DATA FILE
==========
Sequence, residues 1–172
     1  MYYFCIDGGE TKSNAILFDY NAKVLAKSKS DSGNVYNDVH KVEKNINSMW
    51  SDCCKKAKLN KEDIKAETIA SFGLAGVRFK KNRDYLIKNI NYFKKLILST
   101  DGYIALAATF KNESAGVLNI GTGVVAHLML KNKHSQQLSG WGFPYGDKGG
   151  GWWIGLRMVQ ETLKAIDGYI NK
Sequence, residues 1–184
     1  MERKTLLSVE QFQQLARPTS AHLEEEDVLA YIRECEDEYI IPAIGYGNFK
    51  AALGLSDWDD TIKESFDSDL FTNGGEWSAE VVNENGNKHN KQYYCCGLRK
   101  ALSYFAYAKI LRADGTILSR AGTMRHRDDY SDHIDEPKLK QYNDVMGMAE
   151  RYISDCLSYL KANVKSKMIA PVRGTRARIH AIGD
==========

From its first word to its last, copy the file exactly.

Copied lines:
Sequence, residues 1–172
     1  MYYFCIDGGE TKSNAILFDY NAKVLAKSKS DSGNVYNDVH KVEKNINSMW
    51  SDCCKKAKLN KEDIKAETIA SFGLAGVRFK KNRDYLIKNI NYFKKLILST
   101  DGYIALAATF KNESAGVLNI GTGVVAHLML KNKHSQQLSG WGFPYGDKGG
   151  GWWIGLRMVQ ETLKAIDGYI NK
Sequence, residues 1–184
     1  MERKTLLSVE QFQQLARPTS AHLEEEDVLA YIRECEDEYI IPAIGYGNFK
    51  AALGLSDWDD TIKESFDSDL FTNGGEWSAE VVNENGNKHN KQYYCCGLRK
   101  ALSYFAYAKI LRADGTILSR AGTMRHRDDY SDHIDEPKLK QYNDVMGMAE
   151  RYISDCLSYL KANVKSKMIA PVRGTRARIH AIGD